“At that point, the idea of Gorilla as an actual legal entity evaporated, without it ever having happened. But the creators that had joined Gorilla had made announcements and even solicited books, and we were unwilling to walk away from that, leaving those promises unfulfilled. So we decided to finance our own books out of our own pockets — to hope that the books would do well enough to sustain themselves on that kind of shoestring, but in any case to get them out, to deliver what we said we would.
“And the end result, as you know, was delayed books, production difficulties, and more. Some of us fared better than others. But we all gave it our best shot.
“In the end, though, there are no corporate officers, no editors, no promo guys, no offices to close or contracts to dissolve. We each did our books on our own hook, banded together as allies, as friends. And there’s no need to dissolve that.
“And the best part — for all the difficulties, all the delays — is that Gorilla was fully-creator-owned, and we all had complete control and complete freedom on our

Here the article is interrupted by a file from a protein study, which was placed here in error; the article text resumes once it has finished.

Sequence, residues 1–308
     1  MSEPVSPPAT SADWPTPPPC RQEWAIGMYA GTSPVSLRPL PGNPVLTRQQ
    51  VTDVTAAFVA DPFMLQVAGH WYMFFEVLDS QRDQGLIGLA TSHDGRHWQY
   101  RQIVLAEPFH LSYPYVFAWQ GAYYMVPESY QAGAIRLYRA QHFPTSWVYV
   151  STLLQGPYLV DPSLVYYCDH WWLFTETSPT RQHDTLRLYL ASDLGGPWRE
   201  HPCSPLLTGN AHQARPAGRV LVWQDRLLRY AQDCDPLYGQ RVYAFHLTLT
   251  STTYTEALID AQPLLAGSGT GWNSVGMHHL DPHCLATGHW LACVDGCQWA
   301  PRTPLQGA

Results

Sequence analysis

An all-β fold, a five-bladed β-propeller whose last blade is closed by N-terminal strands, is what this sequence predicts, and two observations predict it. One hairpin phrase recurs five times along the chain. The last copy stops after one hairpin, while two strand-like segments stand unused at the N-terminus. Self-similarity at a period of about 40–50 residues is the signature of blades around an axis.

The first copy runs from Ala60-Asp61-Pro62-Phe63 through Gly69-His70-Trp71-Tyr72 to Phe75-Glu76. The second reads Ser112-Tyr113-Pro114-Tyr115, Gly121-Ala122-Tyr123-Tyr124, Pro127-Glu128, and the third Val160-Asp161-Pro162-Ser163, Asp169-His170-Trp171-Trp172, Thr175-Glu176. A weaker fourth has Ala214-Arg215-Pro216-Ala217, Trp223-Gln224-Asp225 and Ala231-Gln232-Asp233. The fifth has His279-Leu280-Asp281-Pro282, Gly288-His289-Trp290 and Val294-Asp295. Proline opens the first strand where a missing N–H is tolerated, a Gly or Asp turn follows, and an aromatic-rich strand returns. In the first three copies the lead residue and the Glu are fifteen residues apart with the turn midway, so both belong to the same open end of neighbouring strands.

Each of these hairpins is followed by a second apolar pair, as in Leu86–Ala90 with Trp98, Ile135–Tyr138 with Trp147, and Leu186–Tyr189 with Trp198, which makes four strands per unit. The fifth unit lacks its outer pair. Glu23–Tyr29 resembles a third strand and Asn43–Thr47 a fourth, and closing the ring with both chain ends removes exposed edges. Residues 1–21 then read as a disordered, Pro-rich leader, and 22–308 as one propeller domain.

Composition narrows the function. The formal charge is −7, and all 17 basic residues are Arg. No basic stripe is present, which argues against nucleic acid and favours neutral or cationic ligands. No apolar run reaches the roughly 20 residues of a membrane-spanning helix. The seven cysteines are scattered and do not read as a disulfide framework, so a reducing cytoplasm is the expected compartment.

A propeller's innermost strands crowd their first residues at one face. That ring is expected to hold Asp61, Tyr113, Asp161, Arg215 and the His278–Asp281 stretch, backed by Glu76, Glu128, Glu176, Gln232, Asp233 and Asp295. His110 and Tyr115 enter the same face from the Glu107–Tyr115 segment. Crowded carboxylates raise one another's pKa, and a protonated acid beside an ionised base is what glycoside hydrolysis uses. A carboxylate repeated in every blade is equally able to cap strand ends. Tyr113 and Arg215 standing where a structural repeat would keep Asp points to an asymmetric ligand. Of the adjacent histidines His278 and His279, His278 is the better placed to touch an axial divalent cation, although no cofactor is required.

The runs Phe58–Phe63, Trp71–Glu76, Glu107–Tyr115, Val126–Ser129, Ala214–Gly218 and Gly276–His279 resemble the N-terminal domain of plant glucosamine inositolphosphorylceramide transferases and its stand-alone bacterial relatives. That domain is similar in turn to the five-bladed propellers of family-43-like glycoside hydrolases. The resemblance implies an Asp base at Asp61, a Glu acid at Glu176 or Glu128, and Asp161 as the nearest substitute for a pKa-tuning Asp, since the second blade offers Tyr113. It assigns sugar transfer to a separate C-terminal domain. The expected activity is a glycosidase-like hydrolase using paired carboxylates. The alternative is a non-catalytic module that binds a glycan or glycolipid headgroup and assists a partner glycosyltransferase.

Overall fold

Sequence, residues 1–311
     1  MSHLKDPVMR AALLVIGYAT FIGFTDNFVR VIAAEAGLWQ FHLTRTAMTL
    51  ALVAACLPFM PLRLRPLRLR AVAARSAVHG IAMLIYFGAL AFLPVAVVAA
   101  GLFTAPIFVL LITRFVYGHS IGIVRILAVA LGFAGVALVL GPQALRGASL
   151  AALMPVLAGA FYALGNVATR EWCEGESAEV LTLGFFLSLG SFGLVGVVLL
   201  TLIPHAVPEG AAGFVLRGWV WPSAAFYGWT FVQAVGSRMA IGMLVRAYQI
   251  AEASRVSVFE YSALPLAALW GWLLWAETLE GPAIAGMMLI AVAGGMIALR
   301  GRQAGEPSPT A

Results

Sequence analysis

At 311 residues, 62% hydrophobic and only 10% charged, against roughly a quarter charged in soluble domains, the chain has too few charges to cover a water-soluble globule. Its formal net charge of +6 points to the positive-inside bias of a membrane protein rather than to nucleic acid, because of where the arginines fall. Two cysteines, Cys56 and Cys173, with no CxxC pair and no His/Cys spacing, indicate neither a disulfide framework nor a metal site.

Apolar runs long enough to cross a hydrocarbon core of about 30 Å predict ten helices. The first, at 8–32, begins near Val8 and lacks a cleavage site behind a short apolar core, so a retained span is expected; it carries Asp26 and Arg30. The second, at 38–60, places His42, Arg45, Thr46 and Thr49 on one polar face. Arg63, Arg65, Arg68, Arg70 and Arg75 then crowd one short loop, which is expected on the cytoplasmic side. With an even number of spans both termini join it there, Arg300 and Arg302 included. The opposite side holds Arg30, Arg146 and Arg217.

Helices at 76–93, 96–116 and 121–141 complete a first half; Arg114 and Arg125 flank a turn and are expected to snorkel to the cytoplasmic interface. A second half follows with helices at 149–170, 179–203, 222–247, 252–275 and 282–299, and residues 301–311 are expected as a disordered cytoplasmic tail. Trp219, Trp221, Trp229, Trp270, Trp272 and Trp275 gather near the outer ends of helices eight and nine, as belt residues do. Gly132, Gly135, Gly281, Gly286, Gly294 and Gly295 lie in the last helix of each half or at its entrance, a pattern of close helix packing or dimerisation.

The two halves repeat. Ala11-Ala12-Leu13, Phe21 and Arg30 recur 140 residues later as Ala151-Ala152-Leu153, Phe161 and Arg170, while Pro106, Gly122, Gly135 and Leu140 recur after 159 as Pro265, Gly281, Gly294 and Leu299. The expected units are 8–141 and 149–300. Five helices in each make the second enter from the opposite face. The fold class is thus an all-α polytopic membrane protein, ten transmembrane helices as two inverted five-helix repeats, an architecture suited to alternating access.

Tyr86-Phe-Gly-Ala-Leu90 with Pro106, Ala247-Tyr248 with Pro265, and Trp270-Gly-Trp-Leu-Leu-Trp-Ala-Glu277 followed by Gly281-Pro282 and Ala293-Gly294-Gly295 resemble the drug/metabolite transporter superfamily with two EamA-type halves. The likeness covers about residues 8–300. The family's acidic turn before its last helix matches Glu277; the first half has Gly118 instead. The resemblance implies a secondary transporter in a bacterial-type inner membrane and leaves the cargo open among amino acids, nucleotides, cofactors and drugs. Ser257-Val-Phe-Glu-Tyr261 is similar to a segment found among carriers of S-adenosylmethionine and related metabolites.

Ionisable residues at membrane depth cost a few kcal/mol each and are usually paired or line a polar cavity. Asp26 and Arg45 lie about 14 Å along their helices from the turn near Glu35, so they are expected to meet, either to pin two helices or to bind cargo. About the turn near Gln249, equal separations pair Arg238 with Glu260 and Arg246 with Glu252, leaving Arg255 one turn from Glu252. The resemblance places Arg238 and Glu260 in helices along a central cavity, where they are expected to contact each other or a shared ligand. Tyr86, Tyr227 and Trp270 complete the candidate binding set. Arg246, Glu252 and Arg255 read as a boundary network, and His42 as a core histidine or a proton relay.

books. And we still do. We all created something new, and ape or no ape, we all still own what we did, and can continue it or not as we can best manage, through Image or any other company we choose to strike a deal with. We all made something — we’re all proud of that — and what we made still exists.
“We’d like to thank everyone at Image Comics — notably Jim Valentino, Anthony Bozzi, Brent Braun and Traci Hale — for all their help and support, and everyone at Comicraft — including Richard Starkings, Eric Wong, Jason Levine and the lovely and talented John Roshell, designer and webmaster of ApeNation — for going way, way, waaaaay above and beyond the call of duty in making Gorilla happen, for as long as it did. Thanks to the retailers who supported us, the cons who welcomed us, the reviewers and reporters who helped spread the work. And of course, a major jungle-roar thank-you to all the readers who picked up and enjoyed the books — without you, there’s not much point to any of it.”
While Busiek spoke for the Banana Trust generally, there were more personal good-byes from the individual creators as well: Mark Waid and Barry Kitson, Pérez, Busiek and Stuart Immonen, Karl Kesel, and Todd Dezago
TWICE UPON A TIME: